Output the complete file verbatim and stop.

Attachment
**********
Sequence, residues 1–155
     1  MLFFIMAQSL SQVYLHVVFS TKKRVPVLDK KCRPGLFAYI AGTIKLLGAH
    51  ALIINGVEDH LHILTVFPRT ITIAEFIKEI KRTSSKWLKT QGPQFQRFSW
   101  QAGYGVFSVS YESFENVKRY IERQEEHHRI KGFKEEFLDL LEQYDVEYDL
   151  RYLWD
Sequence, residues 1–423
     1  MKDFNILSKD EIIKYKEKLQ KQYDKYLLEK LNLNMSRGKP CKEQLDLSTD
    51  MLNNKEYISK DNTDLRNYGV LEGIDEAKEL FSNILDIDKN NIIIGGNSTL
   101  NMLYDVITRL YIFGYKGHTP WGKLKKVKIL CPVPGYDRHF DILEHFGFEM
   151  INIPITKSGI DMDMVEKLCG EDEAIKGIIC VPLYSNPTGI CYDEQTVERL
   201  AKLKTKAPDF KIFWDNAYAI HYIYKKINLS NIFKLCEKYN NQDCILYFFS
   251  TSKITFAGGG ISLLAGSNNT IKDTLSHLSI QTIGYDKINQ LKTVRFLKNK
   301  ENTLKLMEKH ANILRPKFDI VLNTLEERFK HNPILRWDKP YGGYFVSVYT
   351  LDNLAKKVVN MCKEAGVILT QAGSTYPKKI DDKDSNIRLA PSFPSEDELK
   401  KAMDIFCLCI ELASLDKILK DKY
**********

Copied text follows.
Sequence, residues 1–155
     1  MLFFIMAQSL SQVYLHVVFS TKKRVPVLDK KCRPGLFAYI AGTIKLLGAH
    51  ALIINGVEDH LHILTVFPRT ITIAEFIKEI KRTSSKWLKT QGPQFQRFSW
   101  QAGYGVFSVS YESFENVKRY IERQEEHHRI KGFKEEFLDL LEQYDVEYDL
   151  RYLWD
Sequence, residues 1–423
     1  MKDFNILSKD EIIKYKEKLQ KQYDKYLLEK LNLNMSRGKP CKEQLDLSTD
    51  MLNNKEYISK DNTDLRNYGV LEGIDEAKEL FSNILDIDKN NIIIGGNSTL
   101  NMLYDVITRL YIFGYKGHTP WGKLKKVKIL CPVPGYDRHF DILEHFGFEM
   151  INIPITKSGI DMDMVEKLCG EDEAIKGIIC VPLYSNPTGI CYDEQTVERL
   201  AKLKTKAPDF KIFWDNAYAI HYIYKKINLS NIFKLCEKYN NQDCILYFFS
   251  TSKITFAGGG ISLLAGSNNT IKDTLSHLSI QTIGYDKINQ LKTVRFLKNK
   301  ENTLKLMEKH ANILRPKFDI VLNTLEERFK HNPILRWDKP YGGYFVSVYT
   351  LDNLAKKVVN MCKEAGVILT QAGSTYPKKI DDKDSNIRLA PSFPSEDELK
   401  KAMDIFCLCI ELASLDKILK DKY